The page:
Interview: Songwriting Prodigy Hana Vu Is Living Her Dream

Interview: Songwriting Prodigy Hana Vu Is Living Her Dream

Hana Vu Interview

Hana Vu graduated high school earlier this year, and now she’s touring the country with her band. It’s a dream come true for the young musician. “If I told myself a year ago what I’m doing right now,” she told me, “I’d pass out.”

Vu’s debut EP, How Many Times Have You Driven By, which arrived earlier this year, quickly garnered praise for its evocative mood and lyrical maturity. I met up with Hana at New York’s Bowery Ballroom for a conversation about her path to success, her love of the underdog, and much more.


Hana Vu Interview

Dan Redding: What are your impressions of New York City? Are you a fan, or does it rub you the wrong way?

Hana Vu: I’ve been here before; I have some family that live here. I’m from LA. … A lot of the New York vibe is unnecessarily aggressive. And you know, I’m chill.

I like it though – there’s kind of a workaholic spirit here. That’s how I interpret it.

Yeah, I guess that’s the grind in New York. But a lot of it just seems like wasted anger. You can just do the same thing and be chill about it.

That’s true. You’re on tour right now; is this your first tour?

Yeah, this is my first tour. We’re supporting SALES in the Midwest and the East Coast.

Is music a full-time job for you now?

Yes. Well, when you’re on tour, yeah, because it’s twenty-four hours a day, you don’t stop working. Work as a musician is weird because you have a lot of time off and then you have a lot of time on really hard continuously.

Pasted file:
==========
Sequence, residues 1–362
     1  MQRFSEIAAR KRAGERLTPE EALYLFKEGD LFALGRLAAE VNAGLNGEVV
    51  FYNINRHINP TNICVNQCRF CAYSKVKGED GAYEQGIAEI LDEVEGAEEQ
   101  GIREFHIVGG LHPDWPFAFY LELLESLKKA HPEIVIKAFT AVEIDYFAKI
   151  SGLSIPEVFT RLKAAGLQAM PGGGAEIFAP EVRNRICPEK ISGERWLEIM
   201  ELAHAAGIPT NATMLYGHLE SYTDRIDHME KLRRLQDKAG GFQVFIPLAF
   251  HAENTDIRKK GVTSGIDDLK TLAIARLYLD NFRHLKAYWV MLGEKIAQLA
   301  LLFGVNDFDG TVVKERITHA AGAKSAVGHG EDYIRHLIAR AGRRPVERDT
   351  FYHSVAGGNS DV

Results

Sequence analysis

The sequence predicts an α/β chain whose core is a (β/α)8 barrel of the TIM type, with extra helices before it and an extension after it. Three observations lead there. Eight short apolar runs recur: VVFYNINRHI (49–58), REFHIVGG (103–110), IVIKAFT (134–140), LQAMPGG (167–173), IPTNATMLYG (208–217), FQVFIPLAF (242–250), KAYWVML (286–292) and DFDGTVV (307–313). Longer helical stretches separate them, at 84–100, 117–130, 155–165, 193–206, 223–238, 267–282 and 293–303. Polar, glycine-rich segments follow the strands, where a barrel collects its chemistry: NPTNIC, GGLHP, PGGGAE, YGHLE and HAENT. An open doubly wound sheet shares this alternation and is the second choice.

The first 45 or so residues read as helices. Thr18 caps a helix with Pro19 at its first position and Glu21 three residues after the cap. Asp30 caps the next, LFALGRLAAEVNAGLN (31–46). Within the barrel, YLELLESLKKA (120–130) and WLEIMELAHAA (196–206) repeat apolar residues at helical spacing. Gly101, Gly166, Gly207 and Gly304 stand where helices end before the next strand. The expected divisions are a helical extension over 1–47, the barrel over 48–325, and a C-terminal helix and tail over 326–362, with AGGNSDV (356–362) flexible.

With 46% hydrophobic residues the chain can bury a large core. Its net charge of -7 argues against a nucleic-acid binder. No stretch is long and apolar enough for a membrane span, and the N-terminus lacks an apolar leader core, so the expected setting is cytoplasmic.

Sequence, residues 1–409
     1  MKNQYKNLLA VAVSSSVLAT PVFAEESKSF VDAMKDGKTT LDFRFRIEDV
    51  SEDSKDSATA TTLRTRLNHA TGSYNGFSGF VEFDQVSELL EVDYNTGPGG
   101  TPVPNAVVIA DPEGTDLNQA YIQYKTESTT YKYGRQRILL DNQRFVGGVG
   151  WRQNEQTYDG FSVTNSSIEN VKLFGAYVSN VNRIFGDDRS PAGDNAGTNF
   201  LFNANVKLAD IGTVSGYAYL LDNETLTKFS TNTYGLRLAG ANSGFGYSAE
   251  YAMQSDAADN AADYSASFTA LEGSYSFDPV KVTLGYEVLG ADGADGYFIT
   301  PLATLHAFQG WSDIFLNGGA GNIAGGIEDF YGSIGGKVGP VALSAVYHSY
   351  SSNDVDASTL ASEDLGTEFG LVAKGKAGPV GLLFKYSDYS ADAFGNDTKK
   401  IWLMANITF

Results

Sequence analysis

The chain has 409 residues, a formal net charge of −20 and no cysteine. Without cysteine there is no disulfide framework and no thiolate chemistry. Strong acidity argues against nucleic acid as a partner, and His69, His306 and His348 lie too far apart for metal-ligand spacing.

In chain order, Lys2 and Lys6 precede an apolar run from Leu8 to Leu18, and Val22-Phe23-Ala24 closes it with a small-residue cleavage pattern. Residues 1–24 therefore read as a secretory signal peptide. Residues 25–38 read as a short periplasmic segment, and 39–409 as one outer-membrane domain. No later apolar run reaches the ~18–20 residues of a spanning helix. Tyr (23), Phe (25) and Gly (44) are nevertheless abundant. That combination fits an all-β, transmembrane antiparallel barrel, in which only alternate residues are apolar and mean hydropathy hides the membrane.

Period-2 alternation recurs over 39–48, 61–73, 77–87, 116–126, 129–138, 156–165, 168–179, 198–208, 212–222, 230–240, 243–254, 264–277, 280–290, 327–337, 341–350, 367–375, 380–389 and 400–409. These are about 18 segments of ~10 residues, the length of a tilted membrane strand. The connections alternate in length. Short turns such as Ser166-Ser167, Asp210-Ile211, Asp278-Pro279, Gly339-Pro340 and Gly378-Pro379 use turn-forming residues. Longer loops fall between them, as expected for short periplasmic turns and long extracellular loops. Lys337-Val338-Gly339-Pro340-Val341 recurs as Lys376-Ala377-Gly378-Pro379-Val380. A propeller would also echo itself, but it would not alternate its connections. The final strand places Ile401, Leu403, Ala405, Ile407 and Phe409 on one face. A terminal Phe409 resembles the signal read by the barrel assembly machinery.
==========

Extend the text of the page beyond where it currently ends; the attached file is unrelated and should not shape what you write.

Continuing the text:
When did you graduate high school?

What month is it right now – September? I graduated in early June.

Will you consider college, or is this the life now?

I was gonna go to college – I applied and did all this stuff for it – but then I signed with Luminelle and put out my first EP. I decided that if I was gonna do something right now, I want to do it a hundred percent, versus do school and do music at the same time. School seems like something I can always go back to, while my career is starting now.

Is [your music career] the dream? Is this something that you’ve envisioned for a long time?

Yeah. If I told myself a year ago what I’m doing right now, I’d pass out. But it’s kinda like, you get to the dream, and the dream is being in the car for eight hours a day. [laughter] But yeah, it’s really cool.

Does that take adjustment – the realities of touring life?

It kinda just pushes you to the limit. You know what you can and cannot do.

How many instruments do you play?

I play a lot of different things, but not very well. Guitar, bass, keys… I used to play trumpet in high school. I played violin for a second. Sometimes I play harmonica or banjo.

You’re self-taught, right?

Yes.

Was there a model for you in that sense? Did mom or dad play music, or did you know someone who was self-taught? Was there a model for learning how to play music?

No, neither of my parents are musicians. [I used] the internet, and also, when I was in high school, I joined the marching band without having any musical experience. I just kinda had to figure it out. So that’s what I did for two years.

Tell me something that keeps you and the band laughing on a day-to-day basis while you’re touring.

[Laughs] We listen to a lot of music. Today we played the whole Curious George soundtrack while stuck in traffic, and it kept us sane. We make fun of each other. That’s kinda it.

Are you the type of person to use humor as a survival mechanism or coping mechanism?

I think humor is like an art. It’s something that a lot of people don’t value as much as they should. I value it a lot when people are funny, or have a good sense of humor.

It seems to me that some bands have increased chances of survival if they have a good sense of affectionate humor that keeps them together.